I carefully approach the aged water well. It stands alone in the midst of overgrown weeds, barely visible to passersby. Yet I am drawn to it. My curiosity calls to me. I question when it was last used for its intended purpose. Is it entirely dry, empty, and worthless? Or is there more here than meets the eye?
I lean over, peering into the darkness. I press a jagged rock tightly into the palm of my right hand. I wonder what lies below, yet the uncertainty of it frightens me. So I hold on to the rock until its impression is fixed into my skin. Finally, sheepishly, I release it. And I wait expectantly, breathlessly. Until I hear it. The thud of the rock as it encounters the hardened, bone-dry floor.
And I weep.
I weep, for to me it represents so much more than a dried up well. It reminds me of the many women I’ve met, those precious sisters whose hearts have run dry. Who feel empty and worthless.
Those who feel as if they’ve dished out all the goodness they have to offer, and it’s not enough. They’re scraping the bottom for what is not there because that’s all they know to do. They give and give until there is nothing left. They are that weathered well, standing alone, overcome by the weeds of life. Pressed on every side. Spent. Exhausted. Depleted.
If this is where you are today, my friend, please know you are not alone. May I say it again? You. Are. Not. Alone. And you are not destined to remain stuck in your emptiness. Neither am I.
I’ve noticed depletion seems to be commonplace in many of our honest, day to day, jam-packed, wonderfully blessed lives. It is there. It is real. It is relentless. And it makes it tough to flash a genuine smile, speak words of encouragement, or extend grace to others when we’re pulling from a dry well ourselves.
But may I share some encouragement with you? May I show you a parallel between this old, dried up well and our thirsty hearts?
A drought, if ignored, will cause a water well to run dry, but not without first handing out some clear warning signs. If these signs are noted and dealt with in a timely manner, the well will continue to function as designed.
The same is true of us.
The warning signs in our lives are flashing red, reminding us we are nearing empty. These indicators typically stand out in how we respond to what is going on around us. Perhaps we are quick to anger, become easily frustrated, or tear up over the tiniest of matters. Any of these responses may be evidence that our hearts desperately need refilling. If we’re paying attention to this behavior, we will notice trouble is brewing. And then, in that moment, we realize the choice becomes ours.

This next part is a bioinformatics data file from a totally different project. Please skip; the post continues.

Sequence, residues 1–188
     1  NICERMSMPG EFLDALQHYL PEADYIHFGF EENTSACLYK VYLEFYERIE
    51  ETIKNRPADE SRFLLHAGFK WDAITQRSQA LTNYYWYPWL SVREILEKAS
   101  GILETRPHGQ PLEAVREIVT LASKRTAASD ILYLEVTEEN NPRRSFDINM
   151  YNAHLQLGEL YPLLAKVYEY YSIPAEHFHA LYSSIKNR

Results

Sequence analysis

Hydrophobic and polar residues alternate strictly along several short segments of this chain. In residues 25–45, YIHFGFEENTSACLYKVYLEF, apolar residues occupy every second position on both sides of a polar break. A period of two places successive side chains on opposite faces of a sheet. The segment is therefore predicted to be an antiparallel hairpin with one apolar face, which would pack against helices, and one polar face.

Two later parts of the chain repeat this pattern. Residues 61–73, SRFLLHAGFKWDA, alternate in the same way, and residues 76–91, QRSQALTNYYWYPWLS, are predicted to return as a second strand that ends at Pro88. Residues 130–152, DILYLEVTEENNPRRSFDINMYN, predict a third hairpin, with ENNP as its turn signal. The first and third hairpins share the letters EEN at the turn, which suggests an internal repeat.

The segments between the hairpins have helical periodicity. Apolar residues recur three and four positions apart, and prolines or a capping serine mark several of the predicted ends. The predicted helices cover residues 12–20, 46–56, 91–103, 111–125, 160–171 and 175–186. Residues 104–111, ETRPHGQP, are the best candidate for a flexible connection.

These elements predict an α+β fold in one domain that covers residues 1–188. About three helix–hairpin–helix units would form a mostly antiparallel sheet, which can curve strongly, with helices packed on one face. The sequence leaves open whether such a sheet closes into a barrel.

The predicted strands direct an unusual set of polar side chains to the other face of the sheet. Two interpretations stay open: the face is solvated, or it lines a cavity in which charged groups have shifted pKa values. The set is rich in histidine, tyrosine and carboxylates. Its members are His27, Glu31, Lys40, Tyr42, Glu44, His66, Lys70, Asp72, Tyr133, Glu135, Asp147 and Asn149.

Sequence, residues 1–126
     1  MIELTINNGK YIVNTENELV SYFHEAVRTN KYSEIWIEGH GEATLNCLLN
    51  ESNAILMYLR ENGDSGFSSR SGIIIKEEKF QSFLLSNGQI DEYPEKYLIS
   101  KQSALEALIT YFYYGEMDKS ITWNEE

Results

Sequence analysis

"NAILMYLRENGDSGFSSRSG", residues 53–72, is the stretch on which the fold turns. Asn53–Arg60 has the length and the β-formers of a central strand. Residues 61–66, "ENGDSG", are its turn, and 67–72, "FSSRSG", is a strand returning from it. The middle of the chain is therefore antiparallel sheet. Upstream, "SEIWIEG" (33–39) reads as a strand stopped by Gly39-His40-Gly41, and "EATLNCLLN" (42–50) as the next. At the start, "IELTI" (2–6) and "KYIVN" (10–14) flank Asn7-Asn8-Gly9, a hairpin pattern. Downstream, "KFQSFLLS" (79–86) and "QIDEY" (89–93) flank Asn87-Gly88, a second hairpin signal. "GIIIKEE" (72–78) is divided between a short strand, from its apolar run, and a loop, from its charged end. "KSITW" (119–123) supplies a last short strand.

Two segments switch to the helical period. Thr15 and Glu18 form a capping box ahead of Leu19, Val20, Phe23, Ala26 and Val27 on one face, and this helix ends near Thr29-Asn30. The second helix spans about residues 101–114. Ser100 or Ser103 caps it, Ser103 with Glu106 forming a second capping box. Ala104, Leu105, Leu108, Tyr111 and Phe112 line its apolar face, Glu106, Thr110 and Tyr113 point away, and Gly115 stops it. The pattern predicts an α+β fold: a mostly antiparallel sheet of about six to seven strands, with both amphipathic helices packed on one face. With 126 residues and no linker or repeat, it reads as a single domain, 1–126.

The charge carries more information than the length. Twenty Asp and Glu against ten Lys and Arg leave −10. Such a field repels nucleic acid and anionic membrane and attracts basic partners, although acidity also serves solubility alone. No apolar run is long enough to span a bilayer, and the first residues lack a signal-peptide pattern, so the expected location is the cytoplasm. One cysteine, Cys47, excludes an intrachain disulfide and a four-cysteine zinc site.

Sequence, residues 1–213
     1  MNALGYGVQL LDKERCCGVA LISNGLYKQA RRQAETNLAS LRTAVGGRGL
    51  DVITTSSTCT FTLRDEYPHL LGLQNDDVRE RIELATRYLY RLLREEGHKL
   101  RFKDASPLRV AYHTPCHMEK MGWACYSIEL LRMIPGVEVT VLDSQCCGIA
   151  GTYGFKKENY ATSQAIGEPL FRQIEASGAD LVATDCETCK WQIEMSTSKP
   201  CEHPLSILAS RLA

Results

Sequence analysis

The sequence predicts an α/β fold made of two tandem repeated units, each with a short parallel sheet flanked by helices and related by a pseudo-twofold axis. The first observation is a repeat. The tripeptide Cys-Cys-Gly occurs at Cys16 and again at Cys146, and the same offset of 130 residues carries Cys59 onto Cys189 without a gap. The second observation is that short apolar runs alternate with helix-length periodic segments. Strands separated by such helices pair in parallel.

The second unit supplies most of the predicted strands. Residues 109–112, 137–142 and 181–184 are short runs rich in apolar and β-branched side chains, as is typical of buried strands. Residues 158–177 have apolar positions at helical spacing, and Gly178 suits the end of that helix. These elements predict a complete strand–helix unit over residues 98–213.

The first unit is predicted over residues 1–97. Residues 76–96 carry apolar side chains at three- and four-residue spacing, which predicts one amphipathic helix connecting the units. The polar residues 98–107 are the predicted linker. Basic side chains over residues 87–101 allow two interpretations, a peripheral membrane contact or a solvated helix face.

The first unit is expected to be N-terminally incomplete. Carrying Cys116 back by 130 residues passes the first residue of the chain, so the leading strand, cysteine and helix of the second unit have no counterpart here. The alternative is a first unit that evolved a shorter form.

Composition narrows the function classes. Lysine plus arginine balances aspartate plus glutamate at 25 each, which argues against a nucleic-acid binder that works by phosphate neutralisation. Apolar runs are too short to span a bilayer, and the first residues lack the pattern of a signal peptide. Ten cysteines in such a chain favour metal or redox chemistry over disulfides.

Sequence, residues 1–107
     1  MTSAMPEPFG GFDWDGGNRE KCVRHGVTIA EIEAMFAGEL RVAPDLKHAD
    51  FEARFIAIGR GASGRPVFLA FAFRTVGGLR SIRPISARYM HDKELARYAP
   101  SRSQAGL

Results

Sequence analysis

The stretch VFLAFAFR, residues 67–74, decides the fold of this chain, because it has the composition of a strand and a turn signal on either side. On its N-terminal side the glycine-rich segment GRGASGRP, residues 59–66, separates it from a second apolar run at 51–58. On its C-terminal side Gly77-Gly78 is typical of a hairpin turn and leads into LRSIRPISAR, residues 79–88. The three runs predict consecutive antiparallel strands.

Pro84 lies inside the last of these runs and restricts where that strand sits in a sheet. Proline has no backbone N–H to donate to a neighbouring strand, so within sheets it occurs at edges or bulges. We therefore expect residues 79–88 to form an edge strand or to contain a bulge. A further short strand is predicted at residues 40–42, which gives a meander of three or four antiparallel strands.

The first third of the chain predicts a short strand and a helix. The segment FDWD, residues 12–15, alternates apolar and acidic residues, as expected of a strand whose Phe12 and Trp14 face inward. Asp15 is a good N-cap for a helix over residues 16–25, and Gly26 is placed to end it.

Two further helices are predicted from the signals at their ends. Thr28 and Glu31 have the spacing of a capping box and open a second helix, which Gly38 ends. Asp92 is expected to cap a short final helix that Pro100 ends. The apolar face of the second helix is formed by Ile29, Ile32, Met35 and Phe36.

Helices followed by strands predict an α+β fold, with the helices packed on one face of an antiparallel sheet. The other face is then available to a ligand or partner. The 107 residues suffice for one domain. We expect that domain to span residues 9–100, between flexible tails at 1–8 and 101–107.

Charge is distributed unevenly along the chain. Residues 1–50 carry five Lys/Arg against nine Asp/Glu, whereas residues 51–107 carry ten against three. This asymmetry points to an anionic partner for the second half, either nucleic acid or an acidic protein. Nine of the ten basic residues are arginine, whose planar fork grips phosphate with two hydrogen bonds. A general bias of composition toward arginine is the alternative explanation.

We decide whether or not our hearts run dry.
Do we ignore the warnings and continue at lightning speed, or do we slow down and receive some pick-me-up along the way? Do we settle for life as it is, or do we resolve to make it better?
Our decision is crucial.
Our choice becomes the game changer.
I believe most of you desire to live as I do, from a place of fullness. But how, sweet friends, do we go about doing so when life is so hectic, demanding, and frenzied?
We become INTENTIONAL
We pause, though the world spinning around us may not.
We pray, asking God to help us find balance and pour His love into our weary hearts. Please, please don’t skip your time with God. He is our ultimate source of fullness.
We pursue “happy getaways.” Yes, happiness is okay (just make sure your “happy” lines up with God’s goodness – that’s a topic for another day).
Just for fun, here are 10 mini-getaway ideas to get you started:
- Curl up with your best-loved book.
- Participate in a ladies’ Bible study.
- Share a cup of coffee with a friend or two.
- Treat yourself to a new hair style or an outfit that makes you feel pretty.
- Enjoy a no-distractions date with your significant other.
- Take a nap.
- Snuggle with your littles.
- Sit, unrushed, with your aging relatives.
- Watch your all-time favorite chick-flick.
- Take a walk and listen to encouraging music as you do so.
Friends, when done correctly, making time for ourselves is not selfish. It is nourishing. It is you placing the oxygen mask on yourself before placing it on others. Not because you consider yourself more important, but because you know you cannot fully care for them unless you are healthy yourself.
In summary, (1) realize you need to be refreshed; (2) know what little things bring you blessing and joy (and honor God as you do them); and (3) determine to incorporate them into the crevices of your everyday life.
As you do so, may you find yourself empty less often, and may you pour kindness, encouragement, and grace into the thirsting hearts of those around you.